The Biscuits of La Boîte

As many of you will know, La Boîte is the spice boutique at the unlikely location of 724 11th Ave (at 51st) run by the famed spicemaster Lior Lev Sercarz. There, nestled among car dealerships, lies this shrine to spice. At one time it was open to you and me by appointment only, but they now have regular hours, although you still have to be buzzed in. (Website

I’ll talk about their spices separately, but I want to talk about their “biscuits” here (if you call them cookies, the staff will earnestly and firmly correct you). These vary seasonally (they say). The current spring/summer 2017 collection retails for $65 a box. At that price, how could I refuse?

For the privilege of eating cookies biscuits at that price, you get a wooden box wrapped in orange tissue paper (with rather obvious scotch tape). You peel off the paper, open the box and get – another box, metal this time, also wrapped in orange tissue (and more visible scotch tape). Just when you think you’ve begun on a nightmarish sequence of nesting boxes, with perhaps a single biscuit at the core, the metal box opens to reveal – a message from Lior himself: The biscuits “by Lior Lev Sercarz” he says, speaking of himself – like all great people – in the third person, “brings a new concept to life by combining the arts for the palate with a vision that warms up the soul.” There was more, but I was crassly distracted from these inspirational words by the smell of baked goods. There were about 40 or so small biscuits in the box, of 5 types:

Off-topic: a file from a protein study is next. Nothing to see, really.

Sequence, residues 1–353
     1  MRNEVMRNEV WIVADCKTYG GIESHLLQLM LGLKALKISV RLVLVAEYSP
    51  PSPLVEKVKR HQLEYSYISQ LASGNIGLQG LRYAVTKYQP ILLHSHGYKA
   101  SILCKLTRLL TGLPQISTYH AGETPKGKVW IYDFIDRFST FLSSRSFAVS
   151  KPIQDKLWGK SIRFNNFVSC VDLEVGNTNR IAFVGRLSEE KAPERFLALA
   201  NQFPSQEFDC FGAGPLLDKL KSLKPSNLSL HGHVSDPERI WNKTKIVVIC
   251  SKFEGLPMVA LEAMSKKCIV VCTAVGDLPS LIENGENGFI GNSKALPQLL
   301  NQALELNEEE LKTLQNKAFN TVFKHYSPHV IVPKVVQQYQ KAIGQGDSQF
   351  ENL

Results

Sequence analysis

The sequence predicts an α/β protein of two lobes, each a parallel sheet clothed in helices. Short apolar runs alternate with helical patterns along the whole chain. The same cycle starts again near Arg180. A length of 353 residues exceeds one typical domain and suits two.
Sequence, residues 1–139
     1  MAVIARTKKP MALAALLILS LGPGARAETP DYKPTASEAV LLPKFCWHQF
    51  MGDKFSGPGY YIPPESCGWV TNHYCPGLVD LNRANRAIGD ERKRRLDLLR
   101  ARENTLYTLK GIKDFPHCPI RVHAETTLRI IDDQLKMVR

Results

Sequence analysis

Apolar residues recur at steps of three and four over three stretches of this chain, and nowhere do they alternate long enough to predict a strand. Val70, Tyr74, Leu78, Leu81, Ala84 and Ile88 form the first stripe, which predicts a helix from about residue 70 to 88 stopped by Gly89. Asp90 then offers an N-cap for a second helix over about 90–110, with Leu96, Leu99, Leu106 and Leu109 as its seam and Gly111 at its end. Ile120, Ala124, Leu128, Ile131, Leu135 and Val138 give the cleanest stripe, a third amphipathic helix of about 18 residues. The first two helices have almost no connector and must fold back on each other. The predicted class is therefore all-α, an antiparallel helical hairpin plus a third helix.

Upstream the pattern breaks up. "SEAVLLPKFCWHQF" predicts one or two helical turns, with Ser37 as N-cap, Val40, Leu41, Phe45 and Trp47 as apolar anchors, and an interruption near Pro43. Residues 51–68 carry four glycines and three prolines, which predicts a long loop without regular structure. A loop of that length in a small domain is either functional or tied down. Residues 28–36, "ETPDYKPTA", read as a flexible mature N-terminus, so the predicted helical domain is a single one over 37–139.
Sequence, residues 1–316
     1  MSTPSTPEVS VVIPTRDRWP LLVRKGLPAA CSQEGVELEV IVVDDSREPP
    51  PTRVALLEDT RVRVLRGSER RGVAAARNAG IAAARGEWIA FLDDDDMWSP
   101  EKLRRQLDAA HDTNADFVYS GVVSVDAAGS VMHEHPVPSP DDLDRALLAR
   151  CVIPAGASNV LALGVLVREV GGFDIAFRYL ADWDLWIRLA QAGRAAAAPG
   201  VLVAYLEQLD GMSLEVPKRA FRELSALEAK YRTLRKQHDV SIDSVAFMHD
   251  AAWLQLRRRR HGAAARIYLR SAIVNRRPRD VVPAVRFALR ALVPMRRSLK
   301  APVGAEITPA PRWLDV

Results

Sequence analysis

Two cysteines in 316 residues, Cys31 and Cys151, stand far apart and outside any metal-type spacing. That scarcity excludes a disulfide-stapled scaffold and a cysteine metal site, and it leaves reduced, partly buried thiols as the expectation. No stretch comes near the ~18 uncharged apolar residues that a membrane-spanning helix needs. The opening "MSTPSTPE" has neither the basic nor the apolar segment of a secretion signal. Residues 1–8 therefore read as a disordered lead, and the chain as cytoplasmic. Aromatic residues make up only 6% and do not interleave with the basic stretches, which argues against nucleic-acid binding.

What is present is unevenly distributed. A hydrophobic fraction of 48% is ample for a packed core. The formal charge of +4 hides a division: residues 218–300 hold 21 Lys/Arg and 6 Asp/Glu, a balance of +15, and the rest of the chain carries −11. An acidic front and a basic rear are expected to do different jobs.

Here’s what they look like in the flour from the top (from top left carob, then the others in the order above) :

And here they are stripped naked:

The carob had a filling I could not easily identify, and I thought it the weakest of the lot. I’m sure there’s an elaborate philosophy behind “why carob, why not chocolate?”, but I’m afraid to ask. The halva was not obvious (the cookie was shortbready), but the filling was a mild poppy paste. The crisp aleppo cookie with the honey filling was, I thought, the best of the lot. It had real bite. The chickpea cookie was hard rather than crisp, and the olive oil (in the filling?) not obvious. The pomegranate filling in the cookie that dares speak its name was delightful and the cookie itself had nigella seeds.

On the whole, I thought they were very good, although I don’t know if they’re worth over a dollar a pop.

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Thanks for writing about these! I don’t see myself spending so much on some … biscuits, but those sound like some interesting flavors. I don’t “get” the spices shop, especially since i can buy nearly twice as much maldon smoked salt for $6 vs his jar for $12, but maybe the spice blends are really fantastic…?

“Food is a pretty good prism through which to view humanity.”

― Jonathan Gold

Market stall in Lima
Credit: TXMX 2